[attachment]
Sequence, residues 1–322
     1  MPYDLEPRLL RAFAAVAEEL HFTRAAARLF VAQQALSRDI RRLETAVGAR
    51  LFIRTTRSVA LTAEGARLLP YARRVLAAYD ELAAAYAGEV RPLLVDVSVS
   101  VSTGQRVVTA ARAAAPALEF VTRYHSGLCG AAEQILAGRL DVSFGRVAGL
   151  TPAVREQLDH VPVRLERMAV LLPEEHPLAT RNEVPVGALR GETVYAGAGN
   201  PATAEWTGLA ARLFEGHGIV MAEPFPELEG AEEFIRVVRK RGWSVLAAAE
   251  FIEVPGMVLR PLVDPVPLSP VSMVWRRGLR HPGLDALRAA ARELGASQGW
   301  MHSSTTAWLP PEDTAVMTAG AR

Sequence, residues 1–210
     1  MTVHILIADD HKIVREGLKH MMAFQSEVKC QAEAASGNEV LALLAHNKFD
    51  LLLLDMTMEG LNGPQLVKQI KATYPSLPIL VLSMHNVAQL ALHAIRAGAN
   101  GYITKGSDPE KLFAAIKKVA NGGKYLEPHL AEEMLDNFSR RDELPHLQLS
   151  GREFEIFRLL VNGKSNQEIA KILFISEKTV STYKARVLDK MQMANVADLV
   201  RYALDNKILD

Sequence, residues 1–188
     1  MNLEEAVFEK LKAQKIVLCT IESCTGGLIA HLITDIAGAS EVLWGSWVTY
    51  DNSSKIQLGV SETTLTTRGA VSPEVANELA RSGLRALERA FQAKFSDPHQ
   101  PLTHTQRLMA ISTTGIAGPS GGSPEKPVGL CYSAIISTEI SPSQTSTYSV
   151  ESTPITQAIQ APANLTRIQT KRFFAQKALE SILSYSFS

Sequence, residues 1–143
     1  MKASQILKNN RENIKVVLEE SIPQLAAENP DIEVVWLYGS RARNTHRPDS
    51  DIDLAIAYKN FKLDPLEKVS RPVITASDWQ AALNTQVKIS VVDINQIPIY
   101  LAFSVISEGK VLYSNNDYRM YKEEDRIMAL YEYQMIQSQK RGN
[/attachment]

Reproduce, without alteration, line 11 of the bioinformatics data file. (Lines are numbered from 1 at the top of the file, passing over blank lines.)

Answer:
    51  LLLLDMTMEG LNGPQLVKQI KATYPSLPIL VLSMHNVAQL ALHAIRAGAN